My original goal was to present weekly updates on how my peas were growing. Unfortunately my camera came up with an issue and it took awhile to resolve. Have a camera again, so I am back up and taking photos. It’s been 6 weeks since my peas went into the ground. On the morning of Sunday, May 25th I notice the first flowers beginning to appear on my Sugar Ann Snap Peas. Later that same afternoon, I saw flowers beginning to appear on my Improved Maestro Shelling Peas. As of this writing, the only variety that isn’t blooming alot is Desiree Dwarf Blauwaschokkers (a purple snow/soup pea).
Peas are Self Pollinating
One of the nice features of growing peas is that they are self pollinating. The flowers contains both male and female parts. So if the bees aren’t around no problems! If you want to save seeds, you will get the same variety the next season. Pea plants don’t pollinate each other. You don’t have the problems you have with squashes and melons that if they cross pollinate, the next generation will be different. I can plant as much varieties as close together as I want and still end up with a pure seed.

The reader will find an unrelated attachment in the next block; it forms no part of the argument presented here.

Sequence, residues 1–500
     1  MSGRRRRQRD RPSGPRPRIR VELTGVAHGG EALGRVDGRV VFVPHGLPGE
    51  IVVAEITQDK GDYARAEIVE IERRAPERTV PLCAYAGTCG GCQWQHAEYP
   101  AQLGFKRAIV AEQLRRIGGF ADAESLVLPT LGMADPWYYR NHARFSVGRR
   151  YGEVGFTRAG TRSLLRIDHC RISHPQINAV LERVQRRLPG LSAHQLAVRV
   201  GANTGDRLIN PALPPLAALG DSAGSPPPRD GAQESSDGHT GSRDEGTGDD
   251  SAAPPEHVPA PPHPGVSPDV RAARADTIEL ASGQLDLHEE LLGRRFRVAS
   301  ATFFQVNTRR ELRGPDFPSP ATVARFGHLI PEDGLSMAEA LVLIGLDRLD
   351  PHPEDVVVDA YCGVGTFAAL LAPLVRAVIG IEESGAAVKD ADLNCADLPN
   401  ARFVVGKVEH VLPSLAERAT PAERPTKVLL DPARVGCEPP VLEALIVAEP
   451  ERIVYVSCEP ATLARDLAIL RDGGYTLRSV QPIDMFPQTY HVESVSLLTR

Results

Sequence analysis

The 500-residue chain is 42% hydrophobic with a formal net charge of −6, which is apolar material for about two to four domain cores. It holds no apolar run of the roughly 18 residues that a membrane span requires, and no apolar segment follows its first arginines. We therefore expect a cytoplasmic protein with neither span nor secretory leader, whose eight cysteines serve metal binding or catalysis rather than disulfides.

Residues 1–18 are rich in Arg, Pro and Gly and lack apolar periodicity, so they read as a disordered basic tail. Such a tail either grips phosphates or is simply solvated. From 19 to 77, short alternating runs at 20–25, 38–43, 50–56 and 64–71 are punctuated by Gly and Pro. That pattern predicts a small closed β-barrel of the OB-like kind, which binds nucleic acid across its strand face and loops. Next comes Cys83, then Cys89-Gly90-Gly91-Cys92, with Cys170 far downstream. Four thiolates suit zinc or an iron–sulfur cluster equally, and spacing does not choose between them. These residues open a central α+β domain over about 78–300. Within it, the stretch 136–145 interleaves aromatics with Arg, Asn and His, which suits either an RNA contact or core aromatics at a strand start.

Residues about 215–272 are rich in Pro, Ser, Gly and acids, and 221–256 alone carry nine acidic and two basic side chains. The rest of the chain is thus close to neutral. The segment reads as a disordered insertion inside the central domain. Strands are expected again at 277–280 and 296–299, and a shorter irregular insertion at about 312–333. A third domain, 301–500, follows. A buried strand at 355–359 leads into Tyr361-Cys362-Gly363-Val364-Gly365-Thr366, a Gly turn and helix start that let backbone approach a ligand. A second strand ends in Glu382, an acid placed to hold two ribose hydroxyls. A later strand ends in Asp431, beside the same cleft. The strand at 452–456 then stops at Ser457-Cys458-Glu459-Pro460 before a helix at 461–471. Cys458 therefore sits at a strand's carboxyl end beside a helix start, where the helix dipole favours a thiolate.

How Long from Flower to Seed
This is probably the next question on your mind. This really depends on the variety and the weather. With snap and snow peas that you eat the whole thing, you could begin harvesting within 7 to 10 days. You will probably see the highest production about a week or so after that. With shelling peas that you must remove from the pod it is going to take longer as you are waiting for the peas inside to mature – about 18 to 21 days.
I have noticed that once the flowering begins you see more rapid growth in the height of the plant. Check the picture about. The flowering plant is clearer taller than some of it’s surrounding plants.